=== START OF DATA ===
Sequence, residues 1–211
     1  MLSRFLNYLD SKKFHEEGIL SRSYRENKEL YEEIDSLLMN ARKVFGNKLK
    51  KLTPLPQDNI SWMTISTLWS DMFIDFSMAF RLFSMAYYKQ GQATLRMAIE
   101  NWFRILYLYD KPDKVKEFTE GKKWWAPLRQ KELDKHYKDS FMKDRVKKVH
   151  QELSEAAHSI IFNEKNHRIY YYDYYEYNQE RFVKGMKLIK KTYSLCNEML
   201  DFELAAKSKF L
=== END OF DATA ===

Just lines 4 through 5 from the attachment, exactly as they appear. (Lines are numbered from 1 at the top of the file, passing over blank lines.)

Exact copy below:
   101  NWFRILYLYD KPDKVKEFTE GKKWWAPLRQ KELDKHYKDS FMKDRVKKVH
   151  QELSEAAHSI IFNEKNHRIY YYDYYEYNQE RFVKGMKLIK KTYSLCNEML